DVD Review: Spartacus: War of the Damned

Spartacus1Spartacus: War of the Damned is the third series inspired by the story of the Thracian gladiator Spartacus and his journey from gladiator in the arenas of Italy to the leader of a rebel uprising in the years 73 to 71 BCE.

Produced by Steven S. DeKnight and Robert Tapert, the series has garnered a reputation since it first debuted in January 2010 for its no holds barred telling of the story via its use of often graphic scenes of violence and sex in a bid to present a realistic and stylised version of this historical figure’s life as it might have been.

War of the Damned is the final series and primarily focuses on the events leading up to the final battle between Spartacus’ rebel army and the Roman army lead by Marcus Licinius Crassus. Throughout the season the story shifts between both armies and their leaders allowing the audience to see how each side is preparing for the final battle. This is where one of the key strengths of the show, that of character development, is displayed and as such we are able to not only cheer on the rebels but also develop in some cases a respect for their Roman enemies as we see their human sides too. The series also shows the challenges faced by Spartacus in not only battling his Roman enemies but also the challenges of building and maintaining an army capable of helping him obtain his goal of a slavery free world.

As with the previous two series’ there is still a vast amount of the aforementioned graphic sex and violence here, however at times the violence does appear a lot more fake. This is largely, one imagines, due to the producers attempts to try and better what they have done before and as such the kills, whilst graphic, do look more CGI than in the previous two seasons before it. That said it could also be due to the audience becoming more accustomed to the show’s violence and the techniques used to create it. Either way the effect is still the same and you do often find yourself cringing when you see a soldier cleaved in two by a sword.

Spartacus2One of the other key strengths of the past two seasons has been that of the performances by the cast and this season is no different. Liam McIntyre returns as Spartacus and delivers a brilliant performance in which he manages to show the audience not only the character’s rage against his Roman oppressors but also the strategic, kind and generous side that makes Spartacus not only a capable leader but a friend to those in his inner circle. Newcomer Simon Merrell plays the devious, strategic family man turned Roman general, Crassus, with such aplomb that at times you find yourself torn as to whether you dislike him or not. Thanks to Merrell, you also find yourself believing in Crassus as a credible foe for Spartacus and as such this adds a sense of anticipation to their eventual meeting on the battlefield.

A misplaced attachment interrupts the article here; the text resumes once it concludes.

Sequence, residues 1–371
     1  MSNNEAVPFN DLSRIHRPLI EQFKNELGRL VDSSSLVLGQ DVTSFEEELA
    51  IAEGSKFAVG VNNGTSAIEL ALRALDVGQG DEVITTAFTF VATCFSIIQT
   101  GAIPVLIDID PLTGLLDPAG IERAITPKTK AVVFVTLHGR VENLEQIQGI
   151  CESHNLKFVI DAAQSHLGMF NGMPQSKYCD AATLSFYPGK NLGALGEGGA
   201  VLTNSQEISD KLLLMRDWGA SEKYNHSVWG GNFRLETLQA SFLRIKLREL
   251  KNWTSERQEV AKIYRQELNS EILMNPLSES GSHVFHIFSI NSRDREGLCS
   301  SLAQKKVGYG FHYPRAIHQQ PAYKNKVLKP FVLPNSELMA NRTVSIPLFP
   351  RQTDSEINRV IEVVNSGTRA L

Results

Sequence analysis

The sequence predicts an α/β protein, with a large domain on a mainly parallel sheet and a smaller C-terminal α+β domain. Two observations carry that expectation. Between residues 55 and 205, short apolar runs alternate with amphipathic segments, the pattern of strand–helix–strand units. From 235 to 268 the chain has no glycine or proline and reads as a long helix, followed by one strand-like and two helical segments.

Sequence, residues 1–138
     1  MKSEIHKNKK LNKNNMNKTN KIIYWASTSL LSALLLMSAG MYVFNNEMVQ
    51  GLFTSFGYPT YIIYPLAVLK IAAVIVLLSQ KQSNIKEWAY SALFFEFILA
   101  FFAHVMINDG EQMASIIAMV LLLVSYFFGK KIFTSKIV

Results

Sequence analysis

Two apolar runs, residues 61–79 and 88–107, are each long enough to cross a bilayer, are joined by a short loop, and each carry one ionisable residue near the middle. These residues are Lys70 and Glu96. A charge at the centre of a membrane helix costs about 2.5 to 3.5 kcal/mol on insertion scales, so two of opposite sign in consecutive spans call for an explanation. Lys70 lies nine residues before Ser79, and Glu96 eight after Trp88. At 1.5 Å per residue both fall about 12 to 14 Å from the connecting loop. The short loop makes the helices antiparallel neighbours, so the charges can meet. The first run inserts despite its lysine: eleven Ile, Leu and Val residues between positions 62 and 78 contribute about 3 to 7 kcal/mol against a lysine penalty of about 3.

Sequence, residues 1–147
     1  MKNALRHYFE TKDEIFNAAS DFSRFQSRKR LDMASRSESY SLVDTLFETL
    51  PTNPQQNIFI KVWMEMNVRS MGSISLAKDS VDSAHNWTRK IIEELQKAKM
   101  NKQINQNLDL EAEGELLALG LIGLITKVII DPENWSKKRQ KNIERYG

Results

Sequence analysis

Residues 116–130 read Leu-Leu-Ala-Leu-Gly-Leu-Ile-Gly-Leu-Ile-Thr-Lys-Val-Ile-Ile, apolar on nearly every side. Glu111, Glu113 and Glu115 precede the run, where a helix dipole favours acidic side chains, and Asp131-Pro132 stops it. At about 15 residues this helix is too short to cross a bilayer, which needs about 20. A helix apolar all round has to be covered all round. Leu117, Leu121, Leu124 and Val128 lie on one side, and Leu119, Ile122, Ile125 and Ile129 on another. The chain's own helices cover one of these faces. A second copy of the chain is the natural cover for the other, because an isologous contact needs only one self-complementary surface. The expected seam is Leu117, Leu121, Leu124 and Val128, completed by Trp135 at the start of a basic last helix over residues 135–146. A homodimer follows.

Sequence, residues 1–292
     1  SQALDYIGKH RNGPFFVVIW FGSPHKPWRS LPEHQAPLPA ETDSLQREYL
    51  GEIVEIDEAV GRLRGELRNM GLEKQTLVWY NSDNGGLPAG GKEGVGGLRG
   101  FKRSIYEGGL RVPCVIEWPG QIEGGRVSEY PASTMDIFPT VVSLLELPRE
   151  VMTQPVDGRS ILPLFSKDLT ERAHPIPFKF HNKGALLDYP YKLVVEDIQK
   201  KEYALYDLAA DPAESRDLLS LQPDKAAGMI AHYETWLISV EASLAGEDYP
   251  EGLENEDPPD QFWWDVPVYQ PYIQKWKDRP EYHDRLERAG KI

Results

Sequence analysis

We also see the return of all of the fans favourite rebels from the previous season alongside other newcomers in the roles of the new Roman characters, such as Crassus’ family and the members of the Roman political landscape. Through great performances they all help round out the world enough that it adds a layer of reality and believability to the show’s plots and as such the audience may struggle to believe that certain parts did not happen.

Special mention must go to the ever brilliant Manu Bennett as Crixus, for another well rounded performance that shows the final evolution of the character he has been playing since the show’s debut. Another special mention goes to series newcomer Todd Lasance, whose performance manages to bring to life a devious, cunning and cocky Julius Caesar and in doing so provides the audience with a villain they love to hate.

Cast aside and the production values of the series continue to be as good as the previous two series’. Thanks to a mixture of impressive sets and CGI, you not only get the opinion that the producers wanted to go out with a bang but also that you are looking at a believable depiction of the world at that time.

In conclusion it is safe to say that despite the graphic and sexually explicit content, Spartacus: War of the Damned is a fitting end to a series that has entertained audiences for just over three short years and is a perfect example of a show riding the wave of its own popularity enough to go out on a blood and gore filled strategic and emotional high.

Spartacus War Of The Damned is available on Blu-Ray and DVD from April 29th and can also be bought as part of The Spartacus Collection that features all of the show’s three seasons and the prequel series, Gods Of The Arena on either format on the same day.

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